Macular Pucker / Epiretinal Membrane (ERM)
Macular Pucker, also known as an Epiretinal Membrane (ERM) is an eye condition that affects the macula, the sweet spot of center vision. The back of your eye is lined by the retina, the light seeing layer in the back of the eye. The macula is the very center of the retina, and it is responsible for the crisp vision you need to read and drive. The macula must lie flat against the back of your eye to work properly, so if the macula is wrinkled or bulging you lose central vision. An ERM is a thin film that not only covers the macula, but also causes thickening, wrinkling or bulging in the underlying macula. It is typically age related, but other eye conditions can cause it as well. Macular pucker does not affect your side vision.
Symptoms of Macular Pucker / ERM
Some early forms of ERM can cause mild blurriness in vision, which people typically notice only when trying to read fine print or drive. As the condition gets worse, straight lines may appear wavy, and your center vision may begin to have cloudy or gray areas.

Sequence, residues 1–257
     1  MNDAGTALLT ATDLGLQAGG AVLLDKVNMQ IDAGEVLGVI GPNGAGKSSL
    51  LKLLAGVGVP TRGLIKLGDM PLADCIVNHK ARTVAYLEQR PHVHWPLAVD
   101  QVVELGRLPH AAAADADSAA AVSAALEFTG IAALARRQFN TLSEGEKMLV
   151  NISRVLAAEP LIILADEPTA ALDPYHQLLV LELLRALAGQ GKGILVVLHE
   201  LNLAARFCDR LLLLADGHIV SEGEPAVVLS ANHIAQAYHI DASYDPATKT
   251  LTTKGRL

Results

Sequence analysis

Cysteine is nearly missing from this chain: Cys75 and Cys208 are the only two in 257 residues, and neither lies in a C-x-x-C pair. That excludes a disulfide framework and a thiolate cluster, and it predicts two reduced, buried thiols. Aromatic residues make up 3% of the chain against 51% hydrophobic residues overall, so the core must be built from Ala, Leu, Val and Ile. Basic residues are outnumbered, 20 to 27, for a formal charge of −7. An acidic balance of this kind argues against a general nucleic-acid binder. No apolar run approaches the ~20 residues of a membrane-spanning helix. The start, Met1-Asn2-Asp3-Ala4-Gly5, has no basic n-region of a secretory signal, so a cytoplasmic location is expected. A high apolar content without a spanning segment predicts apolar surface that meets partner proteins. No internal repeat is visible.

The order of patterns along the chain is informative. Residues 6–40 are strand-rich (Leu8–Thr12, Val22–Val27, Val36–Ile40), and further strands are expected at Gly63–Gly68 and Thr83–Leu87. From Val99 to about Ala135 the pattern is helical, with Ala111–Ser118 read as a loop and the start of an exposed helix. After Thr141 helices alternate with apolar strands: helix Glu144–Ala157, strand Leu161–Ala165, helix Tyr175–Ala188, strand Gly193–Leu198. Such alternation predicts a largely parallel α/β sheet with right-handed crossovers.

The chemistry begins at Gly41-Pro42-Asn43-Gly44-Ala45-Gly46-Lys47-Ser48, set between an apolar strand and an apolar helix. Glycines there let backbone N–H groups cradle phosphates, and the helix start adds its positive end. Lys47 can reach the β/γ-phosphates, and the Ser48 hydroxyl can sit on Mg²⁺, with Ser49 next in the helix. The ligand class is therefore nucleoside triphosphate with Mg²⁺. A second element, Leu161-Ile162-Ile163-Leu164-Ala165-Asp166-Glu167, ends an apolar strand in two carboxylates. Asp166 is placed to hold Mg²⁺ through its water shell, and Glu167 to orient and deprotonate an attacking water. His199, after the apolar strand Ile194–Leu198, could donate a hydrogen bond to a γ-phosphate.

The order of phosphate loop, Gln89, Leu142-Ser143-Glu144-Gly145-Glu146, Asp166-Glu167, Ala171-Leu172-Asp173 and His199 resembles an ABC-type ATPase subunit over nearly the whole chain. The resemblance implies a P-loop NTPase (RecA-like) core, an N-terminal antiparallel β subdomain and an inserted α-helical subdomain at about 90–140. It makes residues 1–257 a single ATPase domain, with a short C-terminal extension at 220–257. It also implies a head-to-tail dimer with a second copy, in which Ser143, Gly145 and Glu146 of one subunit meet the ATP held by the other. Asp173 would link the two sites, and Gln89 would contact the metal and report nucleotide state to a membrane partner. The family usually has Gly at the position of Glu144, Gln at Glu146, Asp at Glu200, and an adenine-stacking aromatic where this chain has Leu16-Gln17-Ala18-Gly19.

Common Risk Factors of a Macular Pucker / ERM
Age is the most common cause of a macular pucker. As we age, our vitreous shrinks and pulls away from our retina. Sometimes the vitreous can stick to the retina. When this happens, scar tissue forms a thin film which causes the retina and macula to become wrinkly or bulge.
You may also be at risk if you’ve had other eye problems such as:
- Vitreous detachment
- Retinal tear or detachment
- Swelling inside the eye
- Severe injury to the eye or history of eye surgery
- Problems with blood vessels in the retina
Treatment for Macular Pucker / ERM
If your symptoms are more serious, our surgeons may recommend a vitrectomy surgery which is performed in an operating room. The surgeon will remove some of the vitreous and the film of scar tissue on your macula. Over time, this will allow the macula to relax back toward its normal appearance. It is likely your vision will slowly improve once the macula flattens and returns to its proper position. Healing for this can take several months.